While this was the shortest of the seven periods of Leeuwenhoek's publication history, it was pivotal. The Royal Society was so successful, its members' research so broad and deep, that what was seen as one -- natural philosophy, what we now call science -- was becoming too complex.

The first great division was between the researchers who used lots of mathematics and those who didn't. Astronomy, from Copernicus, Brahe, Kepler, and Galileo to van Leeuwenhoek's contemporaries Edmond Halley, Christiaan Huygens, and Isaac Newton, used mathematics to "see", to make sense of their numerical data, which was basically all they had. Biology and botany "saw" more directly. Human researchers sought patterns with their eyes, not with numbers.

Up through this period, the editors of Philosophical Transactions published articles, reviews, and letters of both types, what we'll call the physical sciences and the biological sciences. The editor after Oldenburg's death, Nehemiah Grew, was mostly a botanist. Robert Plot, who agreed to be editor after Hooke stopped Philosophical Collections, did research of both types. He was joined in his third year and volume by William Musgrave, a physician who wrote about human diseases.

In this three-year period, Leeuwenhoek wrote 19 letters, 11 of them to the Royal Society. He addressed two in 1683 to Christopher Wren, four to Francis Aston, and five to the members of the Royal Society in general.  All were eventually extracted and published in the Philosophical Transactions in 12 different articles.

  • the first two, January 22, 1683 (AB 70), and July 16, 1683 (AB 72), were addressed to Wren. Robert Plot published them in volume 13 of 1683 along with the letter from January 1680 from period 2.
  • the next three -- September 17, 1683 (AB 76), December 28, 1683 (AB 79), and April 14, 1684 (AB 80) -- were addressed to Aston. Plot published the in volume 14 of 1684. A shorter extract from the letter of September 17, 1683, an entirely new translation with the figures reversed and missing one of them, was published in volume 17 by Richard Waller.
  • of the next four, July 25, 1684 (AB 81), was addressed to Aston and January 5 and 23, 1685, and March 30, 1685 were addressed to the members of the Royal Society. William Musgrave published them in volume 15 of 1685.
  • the next two -- July 13, 1685 (AB 85) and October 12, 1685 (AB 88), were published by Richard Waller in volume 17 of 1693. (See Period 5.)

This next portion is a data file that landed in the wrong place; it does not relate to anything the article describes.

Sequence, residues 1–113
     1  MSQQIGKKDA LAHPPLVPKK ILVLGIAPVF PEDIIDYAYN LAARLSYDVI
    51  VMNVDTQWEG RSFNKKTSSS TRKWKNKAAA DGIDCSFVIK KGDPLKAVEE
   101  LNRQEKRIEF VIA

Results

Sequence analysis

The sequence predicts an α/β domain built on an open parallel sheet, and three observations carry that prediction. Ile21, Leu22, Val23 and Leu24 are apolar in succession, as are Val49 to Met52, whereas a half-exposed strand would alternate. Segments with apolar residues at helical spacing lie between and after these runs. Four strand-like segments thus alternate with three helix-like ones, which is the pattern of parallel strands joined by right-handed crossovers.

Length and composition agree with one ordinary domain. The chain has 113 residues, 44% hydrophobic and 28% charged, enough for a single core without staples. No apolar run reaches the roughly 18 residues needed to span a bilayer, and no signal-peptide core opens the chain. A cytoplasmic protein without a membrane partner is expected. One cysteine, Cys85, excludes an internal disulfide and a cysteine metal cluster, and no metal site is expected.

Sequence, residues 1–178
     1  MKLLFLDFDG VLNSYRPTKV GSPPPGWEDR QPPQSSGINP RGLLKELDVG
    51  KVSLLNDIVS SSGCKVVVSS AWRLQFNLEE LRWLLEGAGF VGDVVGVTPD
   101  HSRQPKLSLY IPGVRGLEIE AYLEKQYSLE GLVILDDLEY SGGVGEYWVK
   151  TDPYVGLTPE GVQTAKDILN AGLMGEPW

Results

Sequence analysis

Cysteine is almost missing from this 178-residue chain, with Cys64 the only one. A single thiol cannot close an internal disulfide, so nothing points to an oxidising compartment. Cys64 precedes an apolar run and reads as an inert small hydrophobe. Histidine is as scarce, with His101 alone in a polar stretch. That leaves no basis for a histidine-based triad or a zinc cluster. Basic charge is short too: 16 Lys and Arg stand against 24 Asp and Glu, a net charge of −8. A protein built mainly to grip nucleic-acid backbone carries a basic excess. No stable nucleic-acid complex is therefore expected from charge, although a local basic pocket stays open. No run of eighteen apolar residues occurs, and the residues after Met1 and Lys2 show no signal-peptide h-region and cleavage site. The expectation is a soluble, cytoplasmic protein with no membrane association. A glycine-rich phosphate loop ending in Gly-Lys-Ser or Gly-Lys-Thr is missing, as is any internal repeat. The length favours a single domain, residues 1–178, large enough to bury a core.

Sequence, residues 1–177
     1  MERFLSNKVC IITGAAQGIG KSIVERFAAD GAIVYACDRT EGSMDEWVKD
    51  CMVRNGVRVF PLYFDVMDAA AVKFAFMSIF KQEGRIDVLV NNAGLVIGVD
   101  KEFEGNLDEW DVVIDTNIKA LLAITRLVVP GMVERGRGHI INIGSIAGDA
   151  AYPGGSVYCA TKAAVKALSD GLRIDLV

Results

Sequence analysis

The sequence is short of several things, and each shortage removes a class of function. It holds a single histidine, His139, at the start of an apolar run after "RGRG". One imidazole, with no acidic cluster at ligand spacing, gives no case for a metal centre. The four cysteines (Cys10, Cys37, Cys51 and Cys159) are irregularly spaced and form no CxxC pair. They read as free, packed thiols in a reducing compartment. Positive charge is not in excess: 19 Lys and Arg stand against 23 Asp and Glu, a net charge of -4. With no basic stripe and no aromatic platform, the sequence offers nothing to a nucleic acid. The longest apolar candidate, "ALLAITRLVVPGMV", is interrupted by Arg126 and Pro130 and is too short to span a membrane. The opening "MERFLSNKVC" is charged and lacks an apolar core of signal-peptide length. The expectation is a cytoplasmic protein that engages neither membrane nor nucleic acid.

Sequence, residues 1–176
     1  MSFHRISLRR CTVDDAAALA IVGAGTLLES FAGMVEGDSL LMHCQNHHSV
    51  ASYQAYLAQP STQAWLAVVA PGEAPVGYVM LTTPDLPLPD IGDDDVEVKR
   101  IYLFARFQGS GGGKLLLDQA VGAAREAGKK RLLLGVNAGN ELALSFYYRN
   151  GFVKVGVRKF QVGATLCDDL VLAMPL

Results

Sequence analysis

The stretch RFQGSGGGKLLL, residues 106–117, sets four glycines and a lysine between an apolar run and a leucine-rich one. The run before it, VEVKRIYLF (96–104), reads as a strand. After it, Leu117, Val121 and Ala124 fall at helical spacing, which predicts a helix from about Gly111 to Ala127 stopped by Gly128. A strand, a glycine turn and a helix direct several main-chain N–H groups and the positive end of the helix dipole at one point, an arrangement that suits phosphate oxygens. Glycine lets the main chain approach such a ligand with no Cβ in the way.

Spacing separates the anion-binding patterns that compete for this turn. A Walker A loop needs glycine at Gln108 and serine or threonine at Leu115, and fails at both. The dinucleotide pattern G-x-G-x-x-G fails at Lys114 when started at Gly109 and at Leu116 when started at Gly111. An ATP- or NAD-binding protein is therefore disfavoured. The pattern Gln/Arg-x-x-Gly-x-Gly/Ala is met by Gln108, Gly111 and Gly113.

The situation was such at the Royal Society that both secretaries, Aston and Hooke, resigned on December 9, 1685. They were replaced a week later by John Hoskins and Thomas Gale. Seven years were to pass before Leeuwenhoek would have another letter excerpted in Philosophical Transactions.

Interspersed with these letters, Leeuwenhoek addressed eight letters of the period's 19 letters to Anthonie Heinsius. Cole was not aware of their existence when he compiled his list in 1937. Their first publication was in Alles de Brieven / Collected Letters volume 4 in 1952.


January 22, 1683

  Wrote Letter 37 of 1683-01-22 (AB 70) to Christopher Wren
May 20, 1683 Wrote letter of 1683-05-20 (AB 71) to Anthonie Heinsius
July 16, 1683 Wrote Letter 38 of 1683-07-16 (AB 72) to Christopher Wren
July 22, 1683 Wrote letter of 1683-07-22 (AB 73) to Anthonie Heinsius
September 2, 1683 Wrote letter of 1683-09-02 (AB 74) to Anthonie Heinsius
September 16, 1683 Wrote letter of 1683-09-16 (AB 75) to Anthonie Heinsius
September 17, 1683 Wrote Letter 39 of 1683-09-17 (AB 76) to Francis Aston
September 30, 1683 Wrote letter of 1683-09-30 (AB 77) to Anthonie Heinsius
October 14, 1683 Wrote letter of 1683-10-14 (AB 78) to Anthonie Heinsius
December 28, 1683 Wrote Letter 40 of 1683-12-28 (AB 79) to Francis Aston
January 1, 1684 Published Onsigbare Geschapene Waarheden (Invisible Creation Truths), Letters 32, 39
January 1, 1684 Published Humor Cristallinus (Crystalline Humor), Letter 41
January 1, 1684 Published Eyerstok (Ovary), Letters 37, 39
January 1, 1684 Published Onsigbare Geschapene Waarheden (Invisible Creation Truths), Letters 32, 33, 39
January 1, 1684 Published Eyerstok (Ovary), Letter 37
January 1, 1684 Published Onsigbare Geschapene Waarheden (Invisible Creation Truths), Letters 32, 33
January 1, 1684 Published Schobbens in de Mond (Scales in the Mouth), Letter 40
April 2, 1684 cousin Margrieta Maertens Leeuwenhoek married Michiel Reijniers van Hasseld
April 14, 1684 Wrote Letter 41 of 1684-04-14 (AB 80) to Francis Aston
May 26, 1684 William Molyneux demonstrated blood flow in a newt
July 25, 1684 Wrote Letter 42 of 1684-07-25 (AB 81) to Members of the Royal Society

December 13, 1684

  sister Catharina Philips Leeuwenhoek received legacy from great uncle Johan Sebastiaans van den Berch
December 20, 1684 cousin Geertruijt Huijchs Leeuwenhoek buried